We recently caught up with one of our new Associate Artists, soprano Chiara Skerath, for a fascinating Q & A:

Tell us about your involvement with MOZART 250 so far…

Discovering some of Mozart and his contemporaries’ lesser-known works, and rediscovering the classic masterpieces  this is what the MOZART 250 project is all about! Working with Ian Page and The Mozartists for the 1768 year brought pure joy, beauty and musical happiness. Performing some of the highlights at Wigmore Hall was fantastic, but maybe 1769 will be even better. I hope to see you all at Southbank Centre in January 2019 and we will find out together!

You made your UK dŽbut at Wigmore Hall with Classical Opera last January, came back in June to appear in our production of Mozart’s La finta semplice, and will be working with us a further three times before the end of the 2018/19 season. What do you particularly like about working with Classical Opera and The Mozartists?

Working with Ian, Classical Opera and The Mozartists is about happiness and sharing our love for Wolfgang Amadeus, and trying to be humble and good musicians. Ian is such a wonderful musician and I am very thankful that we have done all these marvellous projects together. With him I am discovering so much wonderful new music: Ian always sends me scores I don’t know and they always end up being perfect for my voice. I guess we just work wonderfully as a team! And also, I really like black tea and fresh scones!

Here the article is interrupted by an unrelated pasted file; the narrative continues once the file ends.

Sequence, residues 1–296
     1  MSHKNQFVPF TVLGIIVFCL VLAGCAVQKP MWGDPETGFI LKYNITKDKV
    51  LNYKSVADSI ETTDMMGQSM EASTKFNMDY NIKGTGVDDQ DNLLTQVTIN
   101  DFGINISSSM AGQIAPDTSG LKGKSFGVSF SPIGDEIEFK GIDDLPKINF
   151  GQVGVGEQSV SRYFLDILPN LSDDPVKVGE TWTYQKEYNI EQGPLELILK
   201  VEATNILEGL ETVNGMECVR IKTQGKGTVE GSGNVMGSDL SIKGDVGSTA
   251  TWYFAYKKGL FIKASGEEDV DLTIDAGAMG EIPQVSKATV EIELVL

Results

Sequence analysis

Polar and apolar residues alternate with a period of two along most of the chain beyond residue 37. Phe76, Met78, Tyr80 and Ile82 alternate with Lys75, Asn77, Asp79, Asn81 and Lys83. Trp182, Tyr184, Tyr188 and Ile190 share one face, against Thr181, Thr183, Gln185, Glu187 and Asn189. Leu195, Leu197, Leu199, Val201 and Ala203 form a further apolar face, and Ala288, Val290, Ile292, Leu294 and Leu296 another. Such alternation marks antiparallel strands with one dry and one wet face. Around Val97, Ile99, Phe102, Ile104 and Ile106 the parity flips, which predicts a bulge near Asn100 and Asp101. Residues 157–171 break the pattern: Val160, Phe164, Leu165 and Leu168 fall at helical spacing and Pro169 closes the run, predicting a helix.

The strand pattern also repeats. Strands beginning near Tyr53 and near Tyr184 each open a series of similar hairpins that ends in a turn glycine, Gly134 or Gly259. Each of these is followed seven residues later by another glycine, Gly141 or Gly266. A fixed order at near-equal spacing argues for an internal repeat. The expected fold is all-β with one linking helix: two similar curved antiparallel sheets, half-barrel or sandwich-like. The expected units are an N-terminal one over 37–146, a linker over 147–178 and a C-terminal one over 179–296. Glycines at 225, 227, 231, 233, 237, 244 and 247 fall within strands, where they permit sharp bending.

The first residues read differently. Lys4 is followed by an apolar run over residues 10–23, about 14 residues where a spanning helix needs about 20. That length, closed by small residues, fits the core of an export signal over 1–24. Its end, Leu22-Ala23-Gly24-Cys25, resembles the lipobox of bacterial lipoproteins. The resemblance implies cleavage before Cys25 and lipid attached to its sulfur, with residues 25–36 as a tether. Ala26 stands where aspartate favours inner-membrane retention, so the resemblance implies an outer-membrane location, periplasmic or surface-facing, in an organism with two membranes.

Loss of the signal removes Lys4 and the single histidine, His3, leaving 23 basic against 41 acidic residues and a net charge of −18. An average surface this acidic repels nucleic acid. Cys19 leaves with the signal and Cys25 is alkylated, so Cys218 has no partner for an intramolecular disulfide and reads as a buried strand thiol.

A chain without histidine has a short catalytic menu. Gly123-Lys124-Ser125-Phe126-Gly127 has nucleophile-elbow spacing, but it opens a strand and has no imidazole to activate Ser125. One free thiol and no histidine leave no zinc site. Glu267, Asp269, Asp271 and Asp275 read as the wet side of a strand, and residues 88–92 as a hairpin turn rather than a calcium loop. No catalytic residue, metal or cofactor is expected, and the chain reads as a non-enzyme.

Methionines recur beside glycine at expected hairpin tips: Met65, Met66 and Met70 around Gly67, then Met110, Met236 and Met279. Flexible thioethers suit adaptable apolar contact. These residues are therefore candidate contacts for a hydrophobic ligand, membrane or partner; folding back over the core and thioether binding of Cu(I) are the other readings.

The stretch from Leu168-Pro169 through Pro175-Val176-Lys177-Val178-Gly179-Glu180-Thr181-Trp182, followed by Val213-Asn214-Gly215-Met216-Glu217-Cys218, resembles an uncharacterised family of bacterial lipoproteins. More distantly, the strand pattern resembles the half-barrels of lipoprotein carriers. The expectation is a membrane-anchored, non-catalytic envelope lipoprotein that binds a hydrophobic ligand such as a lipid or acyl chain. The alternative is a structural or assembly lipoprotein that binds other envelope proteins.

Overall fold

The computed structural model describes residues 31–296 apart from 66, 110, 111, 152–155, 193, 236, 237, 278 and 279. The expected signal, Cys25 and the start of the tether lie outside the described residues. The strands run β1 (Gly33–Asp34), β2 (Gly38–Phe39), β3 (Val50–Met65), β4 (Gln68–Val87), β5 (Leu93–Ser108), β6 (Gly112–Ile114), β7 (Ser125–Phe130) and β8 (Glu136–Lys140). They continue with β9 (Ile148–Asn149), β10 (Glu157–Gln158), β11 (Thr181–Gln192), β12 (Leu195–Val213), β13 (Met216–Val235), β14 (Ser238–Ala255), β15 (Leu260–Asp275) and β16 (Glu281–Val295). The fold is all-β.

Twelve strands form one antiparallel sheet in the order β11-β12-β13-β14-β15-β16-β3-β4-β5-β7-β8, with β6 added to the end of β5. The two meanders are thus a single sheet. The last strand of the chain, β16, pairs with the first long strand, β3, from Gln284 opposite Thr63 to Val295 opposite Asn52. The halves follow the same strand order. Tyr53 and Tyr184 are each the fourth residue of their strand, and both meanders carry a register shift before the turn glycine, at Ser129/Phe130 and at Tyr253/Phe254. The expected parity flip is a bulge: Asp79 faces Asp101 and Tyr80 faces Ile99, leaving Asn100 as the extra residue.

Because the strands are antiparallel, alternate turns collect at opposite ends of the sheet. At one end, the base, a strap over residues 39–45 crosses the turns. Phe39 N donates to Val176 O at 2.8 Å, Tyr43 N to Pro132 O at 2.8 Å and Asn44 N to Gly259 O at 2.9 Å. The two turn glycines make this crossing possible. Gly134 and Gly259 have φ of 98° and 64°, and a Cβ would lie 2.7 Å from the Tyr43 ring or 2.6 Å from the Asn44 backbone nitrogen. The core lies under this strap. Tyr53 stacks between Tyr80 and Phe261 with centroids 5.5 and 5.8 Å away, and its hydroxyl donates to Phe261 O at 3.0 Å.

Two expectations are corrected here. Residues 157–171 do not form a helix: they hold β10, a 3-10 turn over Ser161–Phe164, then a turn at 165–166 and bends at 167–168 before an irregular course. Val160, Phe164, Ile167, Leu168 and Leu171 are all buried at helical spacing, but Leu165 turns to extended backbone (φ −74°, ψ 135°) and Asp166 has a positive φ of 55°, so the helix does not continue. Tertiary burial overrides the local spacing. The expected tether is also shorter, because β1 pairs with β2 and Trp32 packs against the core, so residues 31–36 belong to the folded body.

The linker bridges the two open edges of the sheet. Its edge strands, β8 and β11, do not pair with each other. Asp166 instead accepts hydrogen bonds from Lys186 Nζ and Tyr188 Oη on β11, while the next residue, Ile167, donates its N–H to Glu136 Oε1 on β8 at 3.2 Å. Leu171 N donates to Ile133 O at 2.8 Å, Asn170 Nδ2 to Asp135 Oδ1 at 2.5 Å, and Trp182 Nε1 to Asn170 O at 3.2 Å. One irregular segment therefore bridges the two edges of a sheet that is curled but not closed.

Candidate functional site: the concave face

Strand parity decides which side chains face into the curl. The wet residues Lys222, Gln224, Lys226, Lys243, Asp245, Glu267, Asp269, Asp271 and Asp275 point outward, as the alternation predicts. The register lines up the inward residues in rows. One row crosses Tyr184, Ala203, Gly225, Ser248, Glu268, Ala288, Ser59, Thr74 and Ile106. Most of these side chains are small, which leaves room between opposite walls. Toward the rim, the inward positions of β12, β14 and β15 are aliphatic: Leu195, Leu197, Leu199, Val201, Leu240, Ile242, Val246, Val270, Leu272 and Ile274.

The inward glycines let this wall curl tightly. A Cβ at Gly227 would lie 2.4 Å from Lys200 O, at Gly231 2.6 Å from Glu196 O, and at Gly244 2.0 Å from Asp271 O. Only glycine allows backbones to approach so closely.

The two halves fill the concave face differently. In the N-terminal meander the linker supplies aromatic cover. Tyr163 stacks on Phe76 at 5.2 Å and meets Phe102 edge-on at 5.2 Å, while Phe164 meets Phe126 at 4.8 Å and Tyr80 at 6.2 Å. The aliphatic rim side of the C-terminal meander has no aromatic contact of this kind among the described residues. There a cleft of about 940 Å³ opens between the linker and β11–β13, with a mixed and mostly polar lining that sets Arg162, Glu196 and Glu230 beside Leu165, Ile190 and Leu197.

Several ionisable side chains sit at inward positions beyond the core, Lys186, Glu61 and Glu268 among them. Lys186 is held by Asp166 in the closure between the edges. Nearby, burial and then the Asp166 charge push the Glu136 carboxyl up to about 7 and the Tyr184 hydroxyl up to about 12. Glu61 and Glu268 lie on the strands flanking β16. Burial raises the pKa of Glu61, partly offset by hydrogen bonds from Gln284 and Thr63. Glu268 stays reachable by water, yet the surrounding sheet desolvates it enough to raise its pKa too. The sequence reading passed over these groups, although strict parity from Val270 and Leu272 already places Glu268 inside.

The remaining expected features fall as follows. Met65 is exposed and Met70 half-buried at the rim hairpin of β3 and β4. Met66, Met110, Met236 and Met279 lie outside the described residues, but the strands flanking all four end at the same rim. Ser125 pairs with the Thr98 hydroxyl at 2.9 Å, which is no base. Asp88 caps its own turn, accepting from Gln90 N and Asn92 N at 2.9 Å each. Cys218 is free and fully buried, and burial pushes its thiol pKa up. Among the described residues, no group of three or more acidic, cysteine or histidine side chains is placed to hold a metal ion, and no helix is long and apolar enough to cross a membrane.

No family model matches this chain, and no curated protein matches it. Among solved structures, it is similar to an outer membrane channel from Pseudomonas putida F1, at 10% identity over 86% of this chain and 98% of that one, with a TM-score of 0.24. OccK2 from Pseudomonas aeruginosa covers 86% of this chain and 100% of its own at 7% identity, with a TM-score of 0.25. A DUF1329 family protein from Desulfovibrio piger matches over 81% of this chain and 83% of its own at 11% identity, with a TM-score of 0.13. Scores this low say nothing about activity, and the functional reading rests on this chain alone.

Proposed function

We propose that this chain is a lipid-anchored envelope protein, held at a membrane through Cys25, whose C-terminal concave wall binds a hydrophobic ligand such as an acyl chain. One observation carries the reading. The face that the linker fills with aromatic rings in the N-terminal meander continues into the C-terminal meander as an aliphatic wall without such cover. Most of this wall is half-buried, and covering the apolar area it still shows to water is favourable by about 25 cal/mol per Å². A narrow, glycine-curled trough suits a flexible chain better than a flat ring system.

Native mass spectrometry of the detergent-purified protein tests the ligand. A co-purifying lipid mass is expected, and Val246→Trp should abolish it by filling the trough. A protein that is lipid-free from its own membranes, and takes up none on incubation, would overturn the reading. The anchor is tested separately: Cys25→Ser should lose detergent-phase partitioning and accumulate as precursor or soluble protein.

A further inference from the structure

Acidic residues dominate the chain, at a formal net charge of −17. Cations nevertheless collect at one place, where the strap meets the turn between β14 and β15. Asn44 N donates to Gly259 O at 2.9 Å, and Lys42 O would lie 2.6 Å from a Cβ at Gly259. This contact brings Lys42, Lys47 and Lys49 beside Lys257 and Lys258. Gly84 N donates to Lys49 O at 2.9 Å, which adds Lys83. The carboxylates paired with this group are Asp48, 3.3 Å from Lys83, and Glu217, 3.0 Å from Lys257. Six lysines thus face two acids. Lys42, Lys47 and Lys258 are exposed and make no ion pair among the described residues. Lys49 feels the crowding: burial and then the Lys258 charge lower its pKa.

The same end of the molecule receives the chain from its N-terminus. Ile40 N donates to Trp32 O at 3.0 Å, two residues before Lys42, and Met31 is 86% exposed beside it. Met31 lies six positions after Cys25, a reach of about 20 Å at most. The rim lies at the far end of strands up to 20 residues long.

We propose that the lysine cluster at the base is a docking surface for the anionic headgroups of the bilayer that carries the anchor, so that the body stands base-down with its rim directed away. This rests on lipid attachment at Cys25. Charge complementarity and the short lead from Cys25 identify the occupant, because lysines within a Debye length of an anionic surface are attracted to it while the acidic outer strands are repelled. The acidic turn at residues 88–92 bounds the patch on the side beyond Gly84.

How old were you when you started singing, and what was the first opera you saw?

I don’t remember when I started singing for the first time, but my family told me I used to sing all the time. I remember listening to Mozart’s The Magic Flute quite often with headphones way too big for my ears. I just loved that music, every second of it. The first opera I remember seeing live was Monteverdi’s L’Orfeo at La Monnaie in Brussels in 1998. I am very lucky to have had the chance to go to the opera as a little girl. I have incredible memories of feeling whole when I sat on my red chair and looked and listened to what was happening on stage.

YouÕve already made quite a name for yourself singing Mozart’s opera roles. Which has been your favourite so far, and which roles are you looking forward to tackling in the future (Mozart or otherwise)?

Susanna, of course, because she is so down-to-earth and the ensembles in The Marriage of Figaro are just perfect. I adored Despina because she is funny and real. I also sang Pamina whilst I was pregnant, which was a marvellous experience. Zerlina, Barbarina, Cinna, Servilia – the list is actually quite long! And of course I loved singing Ninetta in London last spring with Ian Page and The Mozartists. The cast was adorable and we had a lot of fun! My next Mozart role will be First Lady in Paris next spring.

You’ve lived in a number of different countries, growing up in Belgium and then going to study in Paris and Vienna. What do you like best about each city?